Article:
Predictability of 2-year La Niña events in a coupled general circulation model

DiNezio, Pedro; Deser, Clara; Okumura, Yuko; Karspeck, Alicia
December 2017
Climate Dynamics;Dec2017, Vol. 49 Issue 11/12, p4237
Academic Journal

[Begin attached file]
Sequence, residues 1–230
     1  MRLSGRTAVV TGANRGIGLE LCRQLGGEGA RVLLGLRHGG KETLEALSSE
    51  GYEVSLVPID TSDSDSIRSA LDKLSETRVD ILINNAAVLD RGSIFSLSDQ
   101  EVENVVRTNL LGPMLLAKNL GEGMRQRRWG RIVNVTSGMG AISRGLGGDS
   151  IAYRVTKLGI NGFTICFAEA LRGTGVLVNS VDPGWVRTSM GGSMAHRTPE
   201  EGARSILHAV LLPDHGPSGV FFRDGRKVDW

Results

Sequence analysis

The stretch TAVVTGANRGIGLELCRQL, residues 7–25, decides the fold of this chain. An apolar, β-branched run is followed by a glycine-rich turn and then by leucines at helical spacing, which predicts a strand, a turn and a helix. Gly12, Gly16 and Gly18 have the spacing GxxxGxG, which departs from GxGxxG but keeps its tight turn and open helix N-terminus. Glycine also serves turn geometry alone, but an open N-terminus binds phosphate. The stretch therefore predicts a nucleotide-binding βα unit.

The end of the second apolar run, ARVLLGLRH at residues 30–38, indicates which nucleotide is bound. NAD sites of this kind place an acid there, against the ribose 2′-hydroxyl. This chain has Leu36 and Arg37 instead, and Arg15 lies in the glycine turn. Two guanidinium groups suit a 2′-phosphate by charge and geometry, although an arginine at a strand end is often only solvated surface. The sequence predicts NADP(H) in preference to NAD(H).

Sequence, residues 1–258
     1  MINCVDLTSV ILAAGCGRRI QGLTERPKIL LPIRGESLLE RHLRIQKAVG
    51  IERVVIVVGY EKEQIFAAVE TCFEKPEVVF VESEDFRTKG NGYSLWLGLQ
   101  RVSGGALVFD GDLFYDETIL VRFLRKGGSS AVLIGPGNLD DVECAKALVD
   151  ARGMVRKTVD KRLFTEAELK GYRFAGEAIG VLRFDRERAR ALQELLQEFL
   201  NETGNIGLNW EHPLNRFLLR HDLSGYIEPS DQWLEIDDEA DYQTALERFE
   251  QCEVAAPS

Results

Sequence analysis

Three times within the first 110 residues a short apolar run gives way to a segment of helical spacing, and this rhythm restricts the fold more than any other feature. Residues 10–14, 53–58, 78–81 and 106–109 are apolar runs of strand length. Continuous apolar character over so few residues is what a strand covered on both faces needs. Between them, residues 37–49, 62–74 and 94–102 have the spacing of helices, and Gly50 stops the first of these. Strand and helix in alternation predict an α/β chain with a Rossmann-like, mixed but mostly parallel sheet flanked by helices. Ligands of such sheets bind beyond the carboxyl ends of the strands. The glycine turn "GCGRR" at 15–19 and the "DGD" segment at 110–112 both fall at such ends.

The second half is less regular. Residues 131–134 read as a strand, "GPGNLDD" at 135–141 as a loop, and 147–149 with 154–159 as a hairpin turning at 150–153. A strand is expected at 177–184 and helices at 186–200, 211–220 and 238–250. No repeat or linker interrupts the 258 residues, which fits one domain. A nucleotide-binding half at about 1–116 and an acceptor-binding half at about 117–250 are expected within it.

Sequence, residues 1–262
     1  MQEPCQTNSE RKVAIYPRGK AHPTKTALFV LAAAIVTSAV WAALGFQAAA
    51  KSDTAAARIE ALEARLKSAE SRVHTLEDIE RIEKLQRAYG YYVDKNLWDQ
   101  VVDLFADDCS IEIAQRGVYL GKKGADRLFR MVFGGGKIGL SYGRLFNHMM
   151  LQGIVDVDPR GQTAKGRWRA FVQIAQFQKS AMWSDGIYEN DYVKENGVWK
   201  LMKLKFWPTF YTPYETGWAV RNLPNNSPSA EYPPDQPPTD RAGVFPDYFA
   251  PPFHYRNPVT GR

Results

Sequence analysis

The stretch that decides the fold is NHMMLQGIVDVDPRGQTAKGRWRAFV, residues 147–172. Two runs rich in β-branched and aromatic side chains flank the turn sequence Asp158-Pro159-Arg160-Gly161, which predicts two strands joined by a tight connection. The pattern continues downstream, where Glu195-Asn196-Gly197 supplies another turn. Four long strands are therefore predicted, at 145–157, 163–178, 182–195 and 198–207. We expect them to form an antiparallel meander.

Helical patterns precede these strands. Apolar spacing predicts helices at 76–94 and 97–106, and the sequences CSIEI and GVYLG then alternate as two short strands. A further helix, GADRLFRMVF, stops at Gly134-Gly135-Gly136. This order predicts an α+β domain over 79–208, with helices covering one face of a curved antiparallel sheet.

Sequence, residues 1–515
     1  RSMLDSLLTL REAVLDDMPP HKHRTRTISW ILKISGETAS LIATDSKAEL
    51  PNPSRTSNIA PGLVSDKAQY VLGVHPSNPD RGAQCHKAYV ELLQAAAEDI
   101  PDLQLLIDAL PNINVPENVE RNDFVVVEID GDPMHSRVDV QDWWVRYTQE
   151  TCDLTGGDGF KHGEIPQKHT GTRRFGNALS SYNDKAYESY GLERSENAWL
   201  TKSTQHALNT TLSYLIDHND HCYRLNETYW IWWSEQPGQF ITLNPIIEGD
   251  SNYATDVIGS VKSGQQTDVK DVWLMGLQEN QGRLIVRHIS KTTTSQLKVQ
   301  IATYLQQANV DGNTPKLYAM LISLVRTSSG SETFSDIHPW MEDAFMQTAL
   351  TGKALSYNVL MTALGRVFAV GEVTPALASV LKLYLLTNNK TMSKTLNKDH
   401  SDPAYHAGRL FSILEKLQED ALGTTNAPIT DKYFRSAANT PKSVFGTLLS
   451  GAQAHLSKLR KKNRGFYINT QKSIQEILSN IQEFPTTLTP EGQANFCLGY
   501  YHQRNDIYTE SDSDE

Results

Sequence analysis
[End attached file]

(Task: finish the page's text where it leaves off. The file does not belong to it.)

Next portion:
The predictability of the duration of La Niña is assessed using the Community Earth System Model Version 1 (CESM1), a coupled climate model capable of simulating key features of the El Niño/Southern Oscillation (ENSO) phenomenon, including the multi-year duration of La Niña. Statistical analysis of a 1800 year long control simulation indicates that a strong thermocline discharge or a strong El Niño can lead to La Niña conditions that last 2 years (henceforth termed 2-year LN). This relationship suggest that 2-year LN maybe predictable 18 to 24 months in advance. Perfect model forecasts performed with CESM1 are used to further explore the link between 2-year LN and the 'Discharge' and 'Peak El Niño' predictors. Ensemble forecasts are initialized on January and July coinciding with ocean states characterized by peak El Niño amplitudes and peak thermocline discharge respectively. Three cases with different magnitudes of these predictors are considered resulting in a total of six ensembles. Each 'Peak El Niño' and 'Discharge' ensemble forecast consists of 30 or 20 members respectively, generated by adding a infinitesimally small perturbation to the atmospheric initial conditions unique to each member. The forecasts show that the predictability of 2-year LN, measured by the potential prediction utility (PPU) of the $${\mathrm{Ni}{\tilde{\mathrm{n}}}\mathrm{o}}$$ -3.4 SST index during the second year, is related to the magnitude of the initial conditions. Forecasts initialized with strong thermocline discharge or strong peak El Niño amplitude show higher PPU than those with initial conditions of weaker magnitude. Forecasts initialized from states characterized by weaker predictors are less predictable, mainly because the ensemble-mean signal is smaller, and therefore PPU is reduced due to the influence of forecast spread. The error growth of the forecasts, measured by the spread of the $${\mathrm{Ni}{\tilde{\mathrm{n}}}\mathrm{o}}$$ -3.4 SST index, is independent of the initial conditions and appears to be driven by wind variability over the southeastern tropical Pacific and the western equatorial Pacific. Analysis of observational data supports the modeling results, suggesting that the 'thermocline discharge' and 'Peak El Niño' predictors could also be used to diagnose the likelihood of multi-year La Niña events in nature. These results suggest that CESM1 could provide skillful long-range operational forecasts under specific initial conditions.


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